San Jose, December 15, 2015 — The United States of America has been the primary place where freedom has had an opportunity to grow, and not just for one kind, but for all kinds of people, from all races, all religions, and ways of life. It is natural that people look back upon the words of incredible value within our founding documents in these turbulent times. A key component of the Constitution of the United States of America that was necessary to be added to the initial document for it to be ratified, was the concept of amending the original framework. The first ten amendments, more commonly known as the Bill of Rights, ensured the fundamental freedoms of the American people.
The idea of amendments that could alter the bedrock legal foundation of the nation is unique, but the fact that it ensured protection for the citizens from common abuses inflicted upon the people by most governments of the day was crucial to the survival of a free people and a free society. It expanded upon what the founders agreed were God-given rights and guaranteed fundamental and unalienable rights to the people. This fundamental document was a cornerstone of freedom. Today, the nation and its fundamental values are being challenged, and not only from without, but from within as well. Once again, the Declaration of Independence and the Constitution could be brought down from the shelves and dusted off.
Once again, Americans may need to refresh their minds with the words and ideals of these documents and the words of those who made the ideals real. While pondering the significance of the recent events that have re-ignited in the Middle East, it is a good time to re-evaluate the fundamental values that are the bedrock of the United States. That should not be too difficult since today is known as Bill of Rights Day, also referred to as Citizenship Day, a day when Americans are reminded of the value of the U. S. Constitution, the document which guarantees all citizens their fundamental individual rights. Especially at this time in history, it is important to consider what differentiates America from other nations around the world.
Read the Bill of Rights —
Amendment I – Congress shall make no law respecting an establishment of religion, or prohibiting the free exercise thereof; or abridging the freedom of speech, or of the press, or the right of the people peaceably to assemble, and to petition the Government for a redress of grievances.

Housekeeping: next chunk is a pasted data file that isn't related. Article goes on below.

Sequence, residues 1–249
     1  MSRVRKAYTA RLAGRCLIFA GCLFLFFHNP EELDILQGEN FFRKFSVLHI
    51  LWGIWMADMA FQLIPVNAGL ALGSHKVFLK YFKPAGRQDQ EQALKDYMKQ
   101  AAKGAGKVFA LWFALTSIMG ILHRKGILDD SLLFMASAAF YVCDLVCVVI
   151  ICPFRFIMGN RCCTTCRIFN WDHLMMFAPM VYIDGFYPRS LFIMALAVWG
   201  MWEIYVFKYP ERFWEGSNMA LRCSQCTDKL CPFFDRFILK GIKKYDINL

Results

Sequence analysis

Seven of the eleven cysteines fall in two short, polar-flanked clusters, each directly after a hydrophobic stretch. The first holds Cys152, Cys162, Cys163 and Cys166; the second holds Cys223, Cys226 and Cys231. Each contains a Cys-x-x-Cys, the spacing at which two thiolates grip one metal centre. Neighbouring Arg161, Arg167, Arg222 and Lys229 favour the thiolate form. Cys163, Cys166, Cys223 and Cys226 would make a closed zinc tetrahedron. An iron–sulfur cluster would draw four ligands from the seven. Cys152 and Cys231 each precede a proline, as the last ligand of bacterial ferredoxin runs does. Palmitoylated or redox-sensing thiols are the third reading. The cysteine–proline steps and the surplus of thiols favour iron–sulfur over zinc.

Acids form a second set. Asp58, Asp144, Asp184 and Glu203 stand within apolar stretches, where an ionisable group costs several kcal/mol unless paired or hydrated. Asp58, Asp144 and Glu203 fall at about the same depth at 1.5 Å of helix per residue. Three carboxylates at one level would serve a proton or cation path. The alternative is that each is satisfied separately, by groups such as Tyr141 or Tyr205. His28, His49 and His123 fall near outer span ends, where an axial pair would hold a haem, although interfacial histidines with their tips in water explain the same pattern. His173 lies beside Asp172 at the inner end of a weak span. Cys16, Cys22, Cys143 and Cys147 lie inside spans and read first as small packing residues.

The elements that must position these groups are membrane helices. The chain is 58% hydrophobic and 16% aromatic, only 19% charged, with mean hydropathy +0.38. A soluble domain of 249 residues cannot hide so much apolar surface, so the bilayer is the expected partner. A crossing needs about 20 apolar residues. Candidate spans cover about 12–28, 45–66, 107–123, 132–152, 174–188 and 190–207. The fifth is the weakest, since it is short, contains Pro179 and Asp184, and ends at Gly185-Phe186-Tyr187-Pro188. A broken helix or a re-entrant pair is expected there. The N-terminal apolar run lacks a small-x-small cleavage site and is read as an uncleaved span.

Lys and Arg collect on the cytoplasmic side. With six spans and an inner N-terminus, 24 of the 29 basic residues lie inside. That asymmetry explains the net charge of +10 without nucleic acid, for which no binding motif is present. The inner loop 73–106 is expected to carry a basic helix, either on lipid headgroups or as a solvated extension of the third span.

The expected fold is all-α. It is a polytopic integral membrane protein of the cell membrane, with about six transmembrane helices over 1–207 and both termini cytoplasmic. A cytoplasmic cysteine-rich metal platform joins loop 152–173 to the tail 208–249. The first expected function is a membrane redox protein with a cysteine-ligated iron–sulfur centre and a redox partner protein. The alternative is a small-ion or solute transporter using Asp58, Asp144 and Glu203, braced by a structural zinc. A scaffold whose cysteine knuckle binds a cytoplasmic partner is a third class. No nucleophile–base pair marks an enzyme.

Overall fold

Amendment II – A well regulated Militia, being necessary to the security of a free State, the right of the people to keep and bear Arms, shall not be infringed.
Amendment III – No Soldier shall, in time of peace be quartered in any house, without the consent of the Owner, nor in time of war, but in a manner to be prescribed by law.
Amendment IV – The right of the people to be secure in their persons, houses, papers, and effects, against unreasonable searches and seizures, shall not be violated, and no Warrants shall issue, but upon probable cause, supported by Oath or affirmation, and particularly describing the place to be searched, and the persons or things to be seized.
Amendment V –
No person shall be held to answer for a capital, or otherwise infamous crime, unless on a presentment or indictment of a Grand Jury, except in cases arising in the land or naval forces, or in the Militia, when in actual service in time of War or public danger; nor shall any person be subject for the same offence to be twice put in jeopardy of life or limb, nor shall be compelled in any criminal case to be a witness against himself, nor be deprived of life, liberty, or property, without due process of law; nor shall private property be taken for public use without just compensation.
Amendment VI – In all criminal prosecutions, the accused shall enjoy the right to a speedy and public trial, by an impartial jury of the State and district wherein the crime shall have been committed; which district shall have been previously ascertained by law, and to be informed of the nature and cause of the accusation; to be confronted with the witnesses against him; to have compulsory process for obtaining witnesses in his favor, and to have the assistance of counsel for his defence.
Amendment VII – In Suits at common law, where the value in controversy shall exceed twenty dollars, the right of trial by jury shall be preserved, and no fact tried by a jury shall be otherwise re-examined in any Court of the United States, than according to the rules of the common law.
Amendment VIII – Bails, fines, and punishments. Excessive bail shall not be required, nor excessive fines imposed, nor cruel and unusual punishments inflicted.